It was the last place an experienced plainsman would have chosen for a camp; and every time Wade circled the herd and came in between the cattle and the rim, he felt its nearness. The darkness helped to bring it near. The height of his horse brought it near—he seemed to look down from his saddle over it, into its dark depths. The herd in its milling was surely warping slowly in the direction of the precipice. But this was all fancy—the trick of the dark and of nerves, if a plainsman has nerves.
At twelve o'clock the first guard came in and woke the second watch. Wade had been in his saddle since dawn, but this was his regular watch. More than that, his trained ear had timed the milling hoofs. The movement of the herd had quickened.
If now he could keep them going and could prevent their taking any sudden fright! They must not stop until they stopped from utter weariness. Safety lay in their continued motion. So Wade, with the fresh riders, flanked them closely, paced them, and urged them quietly on. They must be kept milling, and they must be kept from fright.
In the taut silence of the starless desert night, with the tension of the cattle at the snapping-point, any quick, unwonted sight or sound would stampede the herd—the sneezing of a horse, the flare of a match, enough to send the whole four thousand headlong—blind, frenzied, tramping—till spent and scattered over the plain.
And so, as he rode, Wade began to sing. The rider ahead of him took up the air and passed it on, until, above the stepping stir of the hoofs, rose the faint voices of the men, and all the herd was bound about by the slow, plaintive measure of some old song. It was not to soothe their savage breasts that the riders sang to the cattle, but to prevent the shock of any loud or sudden noise.
So they sang and rode, and the night wore on to one o'clock, when Wade, coming up on the rim-rock side, felt a cool breeze fan his face, and caught a breath of fresh, moist wind with the taste of water in it.
He checked his horse instantly, listening as the wind swept past him over the cattle. But they must already have smelled it, for they had ceased their milling. The whole herd stood motionless, the indistinct forms nearest him showing, in the dark, their bald faces lifted to drink the sweet wet breath that came over the rim. Then they started again, but faster, and with a rumbling from their hoarse throats that tightened Wade's grip on his reins.
The sound seemed to come out of the earth, a low, rumbling mumble, as deep as the night and as wide as the plain, a thick, inarticulate bellow that stood every rider stiff in his stirrups.
The breeze caught the dust and carried it back from the gray-coated, ghostly shapes, and Wade saw that they were still moving in a circle. If only he could keep them going! He touched his horse to ride on with them, when across the black sky flashed a vivid streak of lightning.
There was a snort from the steers, a quick clap of horns and hoofs from within the herd, a tremor of the plain, a roar, a surging mass—and Wade was riding the flank of a wild stampede. Before him, behind him, beside him, pressing hard upon his horse, galloped the frenzied steers, and beyond them a multitude, borne on, and bearing him on, by the heave of the galloping herd.
Wade was riding for his life. He knew it. His horse knew it. He was riding to turn the herd, too,—back from the rim,—as the horse also knew. The cattle were after water—water-mad—and would go over the precipice to get it, carrying horse and rider with them.
Wade was the only rider between the herd and the rim. It was black as death. He could see nothing in the sage, could scarcely discern the pounding, panting shadows at his side; but he knew by the swish of the brush and the plunging of the horse that the ground was growing stonier, that they were nearing the rocks.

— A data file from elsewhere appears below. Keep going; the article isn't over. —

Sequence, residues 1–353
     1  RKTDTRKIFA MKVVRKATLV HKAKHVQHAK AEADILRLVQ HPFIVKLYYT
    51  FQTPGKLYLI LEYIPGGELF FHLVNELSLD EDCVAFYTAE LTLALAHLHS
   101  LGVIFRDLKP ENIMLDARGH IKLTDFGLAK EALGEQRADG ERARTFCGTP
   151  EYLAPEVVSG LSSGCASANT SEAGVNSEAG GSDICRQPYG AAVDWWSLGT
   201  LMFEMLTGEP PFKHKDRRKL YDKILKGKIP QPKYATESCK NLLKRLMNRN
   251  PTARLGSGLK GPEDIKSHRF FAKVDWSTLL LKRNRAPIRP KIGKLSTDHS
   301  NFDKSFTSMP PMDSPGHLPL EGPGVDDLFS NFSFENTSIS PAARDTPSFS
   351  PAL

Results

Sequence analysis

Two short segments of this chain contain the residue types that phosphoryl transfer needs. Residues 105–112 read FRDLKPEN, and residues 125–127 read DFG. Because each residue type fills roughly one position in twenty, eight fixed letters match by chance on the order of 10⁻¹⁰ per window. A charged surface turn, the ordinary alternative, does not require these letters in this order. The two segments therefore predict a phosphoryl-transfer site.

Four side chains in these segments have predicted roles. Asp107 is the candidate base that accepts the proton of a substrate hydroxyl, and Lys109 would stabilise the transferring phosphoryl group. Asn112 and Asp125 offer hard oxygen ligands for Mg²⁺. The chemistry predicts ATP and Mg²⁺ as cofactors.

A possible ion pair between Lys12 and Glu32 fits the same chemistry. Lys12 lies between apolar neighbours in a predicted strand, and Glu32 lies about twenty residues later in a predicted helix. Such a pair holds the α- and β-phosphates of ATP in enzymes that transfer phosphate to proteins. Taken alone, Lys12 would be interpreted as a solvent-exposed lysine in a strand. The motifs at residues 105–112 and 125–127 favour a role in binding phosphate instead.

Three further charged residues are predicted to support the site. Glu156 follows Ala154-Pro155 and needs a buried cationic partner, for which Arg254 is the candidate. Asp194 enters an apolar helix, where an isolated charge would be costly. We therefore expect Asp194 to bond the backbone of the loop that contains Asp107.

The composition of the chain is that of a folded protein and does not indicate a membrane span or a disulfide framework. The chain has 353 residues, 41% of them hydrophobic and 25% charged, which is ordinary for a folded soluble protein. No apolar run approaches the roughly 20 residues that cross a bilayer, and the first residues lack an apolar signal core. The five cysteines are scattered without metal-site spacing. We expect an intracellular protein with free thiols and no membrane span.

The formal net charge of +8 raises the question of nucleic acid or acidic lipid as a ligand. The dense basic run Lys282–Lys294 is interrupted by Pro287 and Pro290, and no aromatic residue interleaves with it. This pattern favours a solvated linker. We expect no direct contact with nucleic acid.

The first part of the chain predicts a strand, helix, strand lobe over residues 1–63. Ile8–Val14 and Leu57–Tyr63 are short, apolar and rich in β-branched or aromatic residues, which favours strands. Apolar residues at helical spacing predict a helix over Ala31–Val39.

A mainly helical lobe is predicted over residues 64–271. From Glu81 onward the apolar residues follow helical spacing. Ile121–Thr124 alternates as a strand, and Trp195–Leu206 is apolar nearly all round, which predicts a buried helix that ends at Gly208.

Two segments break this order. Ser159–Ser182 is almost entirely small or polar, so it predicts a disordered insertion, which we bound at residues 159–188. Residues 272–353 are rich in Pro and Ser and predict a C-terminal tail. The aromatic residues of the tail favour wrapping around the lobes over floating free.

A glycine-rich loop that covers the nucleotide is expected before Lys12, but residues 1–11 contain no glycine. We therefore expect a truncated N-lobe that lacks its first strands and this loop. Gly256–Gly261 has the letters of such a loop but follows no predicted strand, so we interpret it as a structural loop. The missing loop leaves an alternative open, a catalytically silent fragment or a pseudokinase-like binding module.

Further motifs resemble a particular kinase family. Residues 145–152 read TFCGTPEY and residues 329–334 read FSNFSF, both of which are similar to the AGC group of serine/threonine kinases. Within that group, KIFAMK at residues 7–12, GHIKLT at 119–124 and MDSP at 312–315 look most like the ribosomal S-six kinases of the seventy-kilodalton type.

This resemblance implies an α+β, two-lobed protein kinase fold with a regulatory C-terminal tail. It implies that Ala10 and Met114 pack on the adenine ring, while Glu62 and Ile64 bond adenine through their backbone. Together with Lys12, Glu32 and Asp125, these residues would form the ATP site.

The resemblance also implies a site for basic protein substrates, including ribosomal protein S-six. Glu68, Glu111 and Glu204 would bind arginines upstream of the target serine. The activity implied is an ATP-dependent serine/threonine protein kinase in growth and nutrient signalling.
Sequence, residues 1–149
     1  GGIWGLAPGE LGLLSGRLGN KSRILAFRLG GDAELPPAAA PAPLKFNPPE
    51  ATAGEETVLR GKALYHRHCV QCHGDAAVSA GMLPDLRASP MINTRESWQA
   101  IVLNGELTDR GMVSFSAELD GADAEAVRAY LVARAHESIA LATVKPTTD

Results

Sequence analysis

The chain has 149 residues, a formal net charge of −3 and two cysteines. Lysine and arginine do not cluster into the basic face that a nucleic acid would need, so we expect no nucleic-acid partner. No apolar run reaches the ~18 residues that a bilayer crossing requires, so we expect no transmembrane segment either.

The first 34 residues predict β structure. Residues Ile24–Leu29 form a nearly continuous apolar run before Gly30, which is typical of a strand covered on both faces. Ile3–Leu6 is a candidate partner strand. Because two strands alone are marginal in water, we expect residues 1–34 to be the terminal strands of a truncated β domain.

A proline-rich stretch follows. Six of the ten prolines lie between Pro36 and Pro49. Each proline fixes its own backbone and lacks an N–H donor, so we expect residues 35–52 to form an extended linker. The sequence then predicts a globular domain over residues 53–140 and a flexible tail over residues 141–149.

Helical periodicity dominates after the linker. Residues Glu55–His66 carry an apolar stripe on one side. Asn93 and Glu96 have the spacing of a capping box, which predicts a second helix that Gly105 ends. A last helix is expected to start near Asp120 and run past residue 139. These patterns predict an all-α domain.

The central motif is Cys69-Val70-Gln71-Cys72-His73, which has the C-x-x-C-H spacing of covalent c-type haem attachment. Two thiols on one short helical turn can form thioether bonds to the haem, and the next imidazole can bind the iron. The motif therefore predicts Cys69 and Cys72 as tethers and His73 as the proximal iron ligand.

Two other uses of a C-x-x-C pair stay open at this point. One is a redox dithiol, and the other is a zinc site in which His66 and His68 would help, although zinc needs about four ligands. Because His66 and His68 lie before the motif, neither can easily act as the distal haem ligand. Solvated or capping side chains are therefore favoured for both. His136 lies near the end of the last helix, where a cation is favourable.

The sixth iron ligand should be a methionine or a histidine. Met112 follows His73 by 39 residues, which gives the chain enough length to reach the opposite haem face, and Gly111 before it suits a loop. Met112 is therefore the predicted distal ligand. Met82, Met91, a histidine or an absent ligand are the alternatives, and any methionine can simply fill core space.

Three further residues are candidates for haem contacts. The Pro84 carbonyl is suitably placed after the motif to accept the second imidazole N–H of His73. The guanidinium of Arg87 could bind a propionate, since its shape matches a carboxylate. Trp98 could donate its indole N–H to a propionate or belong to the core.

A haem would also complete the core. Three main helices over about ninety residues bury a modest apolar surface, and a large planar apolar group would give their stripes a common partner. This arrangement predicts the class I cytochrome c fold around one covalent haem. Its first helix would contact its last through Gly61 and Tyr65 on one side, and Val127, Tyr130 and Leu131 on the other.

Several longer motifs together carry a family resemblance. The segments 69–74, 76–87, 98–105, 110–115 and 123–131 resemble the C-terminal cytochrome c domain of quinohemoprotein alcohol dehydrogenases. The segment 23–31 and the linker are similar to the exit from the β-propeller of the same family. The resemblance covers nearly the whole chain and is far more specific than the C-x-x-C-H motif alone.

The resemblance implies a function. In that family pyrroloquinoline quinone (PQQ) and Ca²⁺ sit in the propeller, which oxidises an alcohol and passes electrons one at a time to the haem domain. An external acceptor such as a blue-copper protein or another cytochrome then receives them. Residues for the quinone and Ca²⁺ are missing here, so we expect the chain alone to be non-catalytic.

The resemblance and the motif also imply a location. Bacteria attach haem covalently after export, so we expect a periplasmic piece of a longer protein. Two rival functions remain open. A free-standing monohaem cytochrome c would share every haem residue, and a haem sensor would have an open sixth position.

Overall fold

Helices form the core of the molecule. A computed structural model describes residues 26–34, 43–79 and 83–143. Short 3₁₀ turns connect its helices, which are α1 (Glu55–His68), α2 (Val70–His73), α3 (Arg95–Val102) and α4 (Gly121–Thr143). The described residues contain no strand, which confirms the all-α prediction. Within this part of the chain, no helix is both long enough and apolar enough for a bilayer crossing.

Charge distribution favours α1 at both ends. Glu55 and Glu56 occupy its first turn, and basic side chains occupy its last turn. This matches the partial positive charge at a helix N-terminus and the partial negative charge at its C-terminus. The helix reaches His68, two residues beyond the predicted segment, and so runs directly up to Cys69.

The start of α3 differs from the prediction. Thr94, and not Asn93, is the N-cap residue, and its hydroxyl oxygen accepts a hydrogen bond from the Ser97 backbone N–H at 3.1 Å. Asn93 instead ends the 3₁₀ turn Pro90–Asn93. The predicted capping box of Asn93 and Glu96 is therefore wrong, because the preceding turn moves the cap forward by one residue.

To outrun the cattle seemed his only chance. If he could come up with the leaders he might yet head them off upon the plain and save the herd. There were cattle still ahead of him,—how many, what part of the herd, he could not tell. But the horse knew. The reins hung on his straight neck, while Wade, yelling and firing into the air, gave him the race to win, to lose.
Suddenly they veered and went high in the air, as a steer plunged headlong into a draw almost beneath his feet. They cleared the narrow ravine, landed on bare rock, and reeled on.
They were riding the rim. Close on their left bore down the flank of the herd, and on their right, under their very feet, was the precipice, so close that they felt its blackness—its three hundred feet of fall.
A piercing, half-human bawl of terror told where a steer had been crowded over. Would the next leap crowd them over too? Then Wade found himself racing neck and neck with a big white steer, which the horse, with marvelous instinct, seemed to pick from a bunch, and to cling to, forcing him gradually ahead, till, cutting him free from the bunch entirely, he bore him off into the sage.
Neck and neck with a big white steer.
The group coming on behind followed the leader, and after them swung others. The tide was turning. Within a short time the whole herd had veered, and, bearing off from the cliffs, was pounding over the open plains.
Whose race was it? It was Peroxide Jim's, according to Wade, for not by word or by touch of hand or knee had he been directed in the run. From the flash of the lightning the horse had taken the bit, had covered an indescribably perilous path at top speed, had outrun the herd and turned it from the edge of the rim rock, without a false step or a shaken nerve.
Bred on the desert, broken in at the round-up, trained to think steer as the rider thinks it, the horse knew, as swiftly, as clearly as his rider, the work before him. But that he kept himself from fright, that none of the wild herd-madness passed into him, is a thing for great wonder. He was as thirsty as any of the herd; he knew his own peril, I believe, as none of the herd had ever known anything, and yet such coolness, courage, wisdom, and power!
Was it training? Superior intelligence? More intimate association with the man on his back, and so a farther remove from the wild thing that domestication does not seem to touch? Or was it all by suggestion, the superior intelligence above him riding, not only the flesh, but the spirit?
Not all suggestion, I believe. Perhaps a herd of horses could not be stampeded so easily as these P Ranch cattle. In this race, however, nothing of the wild herd-spirit touched the horse. Had the cattle been horses, would Peroxide Jim have been able to keep himself outside the stampede and above the spirit of the herd?